AT HOME AND BY THE DAM – AUTUMN LEAVES

First, a little music … Edith Piaf and Yves Montand singing Autumn Leaves. Just for you. Why does everything sound better in French?


 

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The Mumford is barely a trickle of its former self, but it’s still beautiful. The trees are turning, brighter every day.

foliage on the Mumson

The leaves reflect in the water and the sky is cloudless and blue. Autumn is our best season, when New England takes her fanciest clothing out of storage and steps out. The trees and the grasses glow with color. The air is amber and everything is beautiful.This is the season I wait for.

I hope it’s a great one. An epic Autumn.

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May it rain every night, but clear by morning.

AUTUMN — HERE AND GLORIOUS

It still hasn’t rained. Rain is in the forecast and maybe it’ll be enough to make a difference. There’s more predicted for next week, though I have no idea how accurate prediction for 10 days from now can be. We can certainly hope.

On the up side of the drought, the foliage is glorious.

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Autumn is our finest time, when New England shakes off her drab old clothing and puts on her coat of many colors. It’s a party for nature and it’s special and gorgeous. A simple ride to the grocery store is breathtaking.

I think it’s heading for an epic-level Autumn. But I’m still hoping that after the leaves have peaked, perhaps Mother Nature will take pity on us and send the rain.

MY BLUE HERON

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I needed an airing. My cameras needed exercise. So, finally, I got my act together and we went out to take some pictures. Where to go?

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Sometimes, the path of least resistance works out best. We went into town, parked and walked to the Mumford River and the dam. With trepidation. I didn’t know how bad it would be. As it turned out, better than I had hoped, at least for photography.

Because there, right in front of the dam where it used to be deep with a powerful current, stood a blue heron. So still he might have been a statue. Garry spotted him and we dove for our cameras.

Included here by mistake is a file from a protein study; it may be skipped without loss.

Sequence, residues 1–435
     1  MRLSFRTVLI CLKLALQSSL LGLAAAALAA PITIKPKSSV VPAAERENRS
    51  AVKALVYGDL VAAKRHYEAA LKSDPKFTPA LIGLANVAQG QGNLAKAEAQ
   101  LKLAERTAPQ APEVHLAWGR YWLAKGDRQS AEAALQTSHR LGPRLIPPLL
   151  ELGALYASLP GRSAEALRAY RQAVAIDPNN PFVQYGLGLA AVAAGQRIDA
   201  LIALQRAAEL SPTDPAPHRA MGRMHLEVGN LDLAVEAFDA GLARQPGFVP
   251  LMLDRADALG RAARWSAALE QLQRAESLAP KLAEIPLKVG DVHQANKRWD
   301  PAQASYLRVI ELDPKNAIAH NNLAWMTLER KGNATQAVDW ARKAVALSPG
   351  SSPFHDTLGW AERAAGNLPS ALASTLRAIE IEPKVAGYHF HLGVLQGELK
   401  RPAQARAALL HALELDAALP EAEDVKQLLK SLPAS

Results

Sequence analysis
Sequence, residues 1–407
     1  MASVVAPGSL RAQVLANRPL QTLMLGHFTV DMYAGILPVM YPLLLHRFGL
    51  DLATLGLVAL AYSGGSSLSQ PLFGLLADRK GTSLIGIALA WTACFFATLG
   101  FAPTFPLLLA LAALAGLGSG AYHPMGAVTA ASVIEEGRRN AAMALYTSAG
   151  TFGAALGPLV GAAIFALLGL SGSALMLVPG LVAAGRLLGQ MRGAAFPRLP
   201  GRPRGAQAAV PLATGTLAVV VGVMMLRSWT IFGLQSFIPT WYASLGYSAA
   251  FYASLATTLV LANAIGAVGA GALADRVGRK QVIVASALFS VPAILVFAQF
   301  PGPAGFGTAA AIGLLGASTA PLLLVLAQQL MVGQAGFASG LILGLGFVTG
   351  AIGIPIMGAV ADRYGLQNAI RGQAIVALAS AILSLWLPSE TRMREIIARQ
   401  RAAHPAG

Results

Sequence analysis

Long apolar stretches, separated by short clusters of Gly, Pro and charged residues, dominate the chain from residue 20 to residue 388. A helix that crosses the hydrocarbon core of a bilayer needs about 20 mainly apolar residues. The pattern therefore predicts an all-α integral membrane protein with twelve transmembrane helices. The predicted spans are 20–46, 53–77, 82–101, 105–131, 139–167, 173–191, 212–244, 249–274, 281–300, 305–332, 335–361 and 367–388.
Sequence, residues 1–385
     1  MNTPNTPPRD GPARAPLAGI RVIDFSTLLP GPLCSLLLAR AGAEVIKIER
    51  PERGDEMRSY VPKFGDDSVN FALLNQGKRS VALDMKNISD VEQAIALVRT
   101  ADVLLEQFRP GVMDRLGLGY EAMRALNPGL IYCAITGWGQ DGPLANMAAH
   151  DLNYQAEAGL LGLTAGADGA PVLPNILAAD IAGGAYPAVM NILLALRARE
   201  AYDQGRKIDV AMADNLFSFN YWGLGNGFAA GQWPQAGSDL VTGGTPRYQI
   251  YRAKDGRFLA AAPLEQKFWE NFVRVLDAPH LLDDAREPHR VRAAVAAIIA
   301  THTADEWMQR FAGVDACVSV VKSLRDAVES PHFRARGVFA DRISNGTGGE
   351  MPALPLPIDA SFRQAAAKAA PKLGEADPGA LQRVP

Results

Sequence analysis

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We had nothing to fear. He stood there, unmoving, for so long I thought maybe there was something wrong with him. Then, he started to move. Walked over to the spill way … and grabbed a fish. And swallowed it. Then, in his new position along the side by the spillway, he again went still. I guess he was waiting for another fish. He was still standing there when we packed our gear and headed home.

Mr. Heron catches a fish.

Mr. Heron catches a fish.

The Mumford is very low. It’s no more than a few inches deep, but at least it’s wet. I guess, from the heron’s viewpoint, it’s better this way. Because when the river was “normal,” a wading bird couldn’t fish there.

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GEESE ON THE RIVER BY Garry Armstrong

Goosey goosey gander,
Whither shall I wander?
Upstairs and downstairs
And in my lady’s chamber.
There I met an old man
Who wouldn’t say his prayers,
So I took him by his left leg
And threw him down the stairs.

These geese were not afraid of us, but they weren’t tame either. Nor were they “office park” geese who will boldly go where no goose has gone before. These were wild geese, willing to let us share space as long as we didn’t get too close.

We did our best to be stealthy. No door slamming, driving into the parking lot slowly, quietly. No talking. Getting the cameras out in the car, then walking softly, getting as close as we could without making the birds nervous. And having very long zoom lenses on our cameras!